To lock the jaws 2, 3 in a desired position, locking nuts 7 and 8 are tightened so that the heads of small bolts 50, 51 and 52, depicted in detail in FIG. 7, slightly penetrate the surface opposite their positions. The bolts are seated in the swivel pin component 10 and disc shaped base 30A. When the locking nuts 7 and 8 are tightened, bolts 50 and 51 slightly penetrate the surface of the base 21 of swivel pin component 10, and bolt 52 slightly penetrates the surface of base 22 of bore component 20. This action also fixes the connection pin 9 in place.
FIG. 7 is an enlarged, cutaway side view of the hinge mechanism of FIG. 6. Bolts 50 and 51 are seated in the disc shaped base 30A which supports the connection pin 9, and bolt 52 is seated in the swivel pin component 10. This embodiment of the swivel joint 1 permits a surgeon to lock the hinge at any desired angle. A further advantage of this embodiment is that aluminum may be used to produce the hinge elements.
From the foregoing description, it will be seen that using a device according to the invention, instead of a screw or a nail, the bone is held between the pointed jaws of the bone gripping pincers. The advantage is that no hole need be drilled through the bone, with the result that no heat necrosis is created by the drill and there is minimal disruption of the circulation in the bone. Several such plier-like bone gripping pincers can be externally connected like screws or nails. The principal indication of the bone gripping pincers according to the invention is the temporary setting of open lower-leg fractures. This means that they can be used merely for intra-operative repositioning of the fracture, or they can be left on the bone, after completed repositioning, until the soft parts have completely healed. In both cases there can be a change of procedure (e.g. marrow nailing) with the pincers left in place. Leaving the pincers in place until the fracture has healed poses no problem, though it is seldom appropriate because of the simple possibility of a change of procedure. If a "Pintrak infection" occurs during the treatment period, it is merely superficial and can be treated simply, since the bone under the tips of the bone gripping pincers is vital.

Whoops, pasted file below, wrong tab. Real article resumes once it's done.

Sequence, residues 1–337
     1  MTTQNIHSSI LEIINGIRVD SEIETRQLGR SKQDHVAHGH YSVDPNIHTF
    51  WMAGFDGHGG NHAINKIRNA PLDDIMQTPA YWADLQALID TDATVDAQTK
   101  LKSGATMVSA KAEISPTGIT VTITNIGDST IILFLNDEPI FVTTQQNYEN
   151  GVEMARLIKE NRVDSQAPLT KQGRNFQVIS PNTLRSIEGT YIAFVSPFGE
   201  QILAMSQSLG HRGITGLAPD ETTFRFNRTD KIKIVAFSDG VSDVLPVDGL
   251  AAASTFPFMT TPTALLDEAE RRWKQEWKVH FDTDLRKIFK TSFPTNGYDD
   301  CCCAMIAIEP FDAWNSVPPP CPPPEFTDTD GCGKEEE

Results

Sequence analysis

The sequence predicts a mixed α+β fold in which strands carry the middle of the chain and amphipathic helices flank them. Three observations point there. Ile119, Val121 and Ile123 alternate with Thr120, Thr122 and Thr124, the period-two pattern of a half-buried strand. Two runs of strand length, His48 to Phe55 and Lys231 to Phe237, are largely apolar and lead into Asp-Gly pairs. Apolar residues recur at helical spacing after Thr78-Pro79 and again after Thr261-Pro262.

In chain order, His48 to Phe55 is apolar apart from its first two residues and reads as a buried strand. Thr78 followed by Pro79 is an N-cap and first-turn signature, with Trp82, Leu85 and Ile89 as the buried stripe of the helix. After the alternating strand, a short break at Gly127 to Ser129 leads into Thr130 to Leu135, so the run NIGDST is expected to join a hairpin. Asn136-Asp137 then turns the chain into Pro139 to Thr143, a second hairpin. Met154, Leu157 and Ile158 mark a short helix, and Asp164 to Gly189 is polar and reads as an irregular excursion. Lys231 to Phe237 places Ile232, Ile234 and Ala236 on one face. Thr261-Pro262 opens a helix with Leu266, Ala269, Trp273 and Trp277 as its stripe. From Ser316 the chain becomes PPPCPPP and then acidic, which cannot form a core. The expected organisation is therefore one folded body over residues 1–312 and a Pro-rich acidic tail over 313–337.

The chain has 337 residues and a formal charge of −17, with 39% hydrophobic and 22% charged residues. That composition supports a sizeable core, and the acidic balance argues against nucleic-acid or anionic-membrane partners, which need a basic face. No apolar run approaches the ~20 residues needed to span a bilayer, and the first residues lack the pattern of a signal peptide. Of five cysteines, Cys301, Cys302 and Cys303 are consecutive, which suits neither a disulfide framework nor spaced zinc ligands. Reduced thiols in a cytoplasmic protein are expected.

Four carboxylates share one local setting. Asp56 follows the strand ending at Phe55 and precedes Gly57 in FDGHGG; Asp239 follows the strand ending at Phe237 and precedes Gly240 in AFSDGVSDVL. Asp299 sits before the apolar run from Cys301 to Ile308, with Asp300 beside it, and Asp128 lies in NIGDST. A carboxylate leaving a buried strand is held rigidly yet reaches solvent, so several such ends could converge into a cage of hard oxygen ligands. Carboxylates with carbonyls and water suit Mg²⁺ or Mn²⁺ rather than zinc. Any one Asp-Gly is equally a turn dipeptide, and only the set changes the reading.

The application of the bone gripping pincers according to the invention is not limited merely to the classic "external fixation". It can be used wherever a fracture must be repositioned or a length of bone must be held.
An advantageous application of the bone gripping pincers according to the invention further consists in the temporary locking of a marrow nail, since the application of the bone gripping pincers according to the invention, compared to screws, is easier and faster and can be done without the use of x-rays.
The same applies in indirect repositioning with a distractor. In place of buttressing screws the bone gripping pincers according to the invention can be used, in order to avoid hole drilling in the bone that is not necessary for treatment of the fracture.